COMMUNICATION SKILLS:——- Appropriate vocabulary and story elements for the elementary school set, though more of a set would help. The would-be moral of dealing with bullies, whether as a school child or other, could be more effective if more prominent.
ATTENTION SPAN:——- Most of the audience, which included a couple of dozen children and some adults, seemed fairly attentive for the most part, without being fully captivated. A pirate’s addressing some front-row little ones could be expanded for more audience “participation.”
FORMS APPROPRIATE RELATIONSHIPS:——- The pirates and parrot and papa work well as a team.
WORKS UP TO POTENTIAL:——- Yo-ho-ho, a little more swashbuckling would be good, but this is fine if fairly mild fare fairly engaging. Some of the seven cast members could use more adrenalin and a pacing pick-me-up.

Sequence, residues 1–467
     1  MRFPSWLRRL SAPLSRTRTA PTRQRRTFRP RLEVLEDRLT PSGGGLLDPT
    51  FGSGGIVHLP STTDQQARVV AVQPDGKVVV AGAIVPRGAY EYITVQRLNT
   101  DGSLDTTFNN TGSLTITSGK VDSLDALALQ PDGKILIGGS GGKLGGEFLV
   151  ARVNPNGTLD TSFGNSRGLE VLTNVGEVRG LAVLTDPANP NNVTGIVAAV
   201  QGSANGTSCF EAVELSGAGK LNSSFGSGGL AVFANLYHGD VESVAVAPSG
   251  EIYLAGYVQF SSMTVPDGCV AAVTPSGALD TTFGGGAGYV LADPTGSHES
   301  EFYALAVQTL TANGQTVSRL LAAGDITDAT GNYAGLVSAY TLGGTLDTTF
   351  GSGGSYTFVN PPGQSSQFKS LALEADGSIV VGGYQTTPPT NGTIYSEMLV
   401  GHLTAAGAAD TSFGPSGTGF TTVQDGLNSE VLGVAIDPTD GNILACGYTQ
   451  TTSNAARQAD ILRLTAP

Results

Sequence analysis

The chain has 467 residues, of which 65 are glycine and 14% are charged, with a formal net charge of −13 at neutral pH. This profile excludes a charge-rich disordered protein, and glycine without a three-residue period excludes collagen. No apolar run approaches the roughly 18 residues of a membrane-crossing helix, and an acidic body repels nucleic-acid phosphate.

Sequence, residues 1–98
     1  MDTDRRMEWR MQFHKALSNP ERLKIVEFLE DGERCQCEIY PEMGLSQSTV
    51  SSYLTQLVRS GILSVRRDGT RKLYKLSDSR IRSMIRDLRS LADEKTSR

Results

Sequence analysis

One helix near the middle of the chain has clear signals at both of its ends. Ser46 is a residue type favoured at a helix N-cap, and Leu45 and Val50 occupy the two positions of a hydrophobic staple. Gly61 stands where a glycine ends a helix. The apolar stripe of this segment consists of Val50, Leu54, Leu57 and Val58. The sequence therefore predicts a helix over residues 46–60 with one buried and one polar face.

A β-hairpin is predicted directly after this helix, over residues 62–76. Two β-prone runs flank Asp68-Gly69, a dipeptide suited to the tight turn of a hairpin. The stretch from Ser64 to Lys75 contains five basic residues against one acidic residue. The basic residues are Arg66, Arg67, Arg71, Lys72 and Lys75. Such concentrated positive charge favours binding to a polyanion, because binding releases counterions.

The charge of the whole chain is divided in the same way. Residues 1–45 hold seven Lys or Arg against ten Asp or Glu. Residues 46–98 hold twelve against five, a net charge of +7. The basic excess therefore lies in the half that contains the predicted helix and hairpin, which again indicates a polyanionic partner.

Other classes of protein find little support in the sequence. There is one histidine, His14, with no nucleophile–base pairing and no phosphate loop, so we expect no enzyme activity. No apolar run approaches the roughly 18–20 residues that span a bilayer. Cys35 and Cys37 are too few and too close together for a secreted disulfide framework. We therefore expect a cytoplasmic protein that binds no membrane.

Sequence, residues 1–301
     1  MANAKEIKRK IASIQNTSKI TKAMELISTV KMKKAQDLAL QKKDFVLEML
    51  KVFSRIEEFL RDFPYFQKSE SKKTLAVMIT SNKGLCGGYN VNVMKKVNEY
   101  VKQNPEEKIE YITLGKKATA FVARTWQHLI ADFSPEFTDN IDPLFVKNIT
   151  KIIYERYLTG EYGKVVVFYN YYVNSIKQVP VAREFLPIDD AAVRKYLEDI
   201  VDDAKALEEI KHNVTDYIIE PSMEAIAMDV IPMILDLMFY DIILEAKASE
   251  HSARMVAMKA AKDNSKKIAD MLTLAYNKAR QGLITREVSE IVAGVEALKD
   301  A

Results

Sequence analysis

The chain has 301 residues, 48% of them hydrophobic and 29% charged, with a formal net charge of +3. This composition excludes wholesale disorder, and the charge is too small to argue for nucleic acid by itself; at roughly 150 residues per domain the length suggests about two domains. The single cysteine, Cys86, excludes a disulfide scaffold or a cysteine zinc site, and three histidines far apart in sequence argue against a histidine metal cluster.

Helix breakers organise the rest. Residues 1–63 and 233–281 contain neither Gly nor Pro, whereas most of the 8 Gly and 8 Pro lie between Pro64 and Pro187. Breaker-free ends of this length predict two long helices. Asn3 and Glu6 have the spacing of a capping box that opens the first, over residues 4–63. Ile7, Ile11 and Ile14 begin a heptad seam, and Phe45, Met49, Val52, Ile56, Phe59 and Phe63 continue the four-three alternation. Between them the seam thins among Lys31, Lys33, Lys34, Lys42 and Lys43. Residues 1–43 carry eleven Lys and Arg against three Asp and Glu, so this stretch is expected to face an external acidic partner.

OTHER COMMENTS:——- More zip and more running gags would be welcome, like the cutely incorporated pirate sound “ARRGHH!” incorporate as a vowel sound in common words was giggle-worthy as was the high number of “greats” when referring to Blackbeard as a great-great-great-great (Now I’ve lost count!) …. grandparent.
NAME:——-FAIRY TALE CHRISTMAS
PLAYS WELL WITH OTHERS:——- Of course not; that would defeat the purpose of the fun and the method to the madness. The main characters here are VILLAINS from fairy tales. They aren’t supposed to be cooperative or kind. The evil stepmothers and the giant residing atop a certain unseen beanstalk should not even play well among themselves. But, fortunately, as actors playing those roels, they sure do! It’s a nicely meshed team.
HOMEWORK PREPARATION:——-The costumes could be more extensive. In this Christmas-set story, Santa is a central character whom the bad guys want to kidnap with a trick sleigh. But we don’t see the sleigh that might have been the one visually extravagant key prop. And, while some villainous costuming is dashing, Mr. Claus gets nothing but a Santa hat, which the actor stashes in his back pocket when he plays the narrator. The actor does have a beard, but it’s black.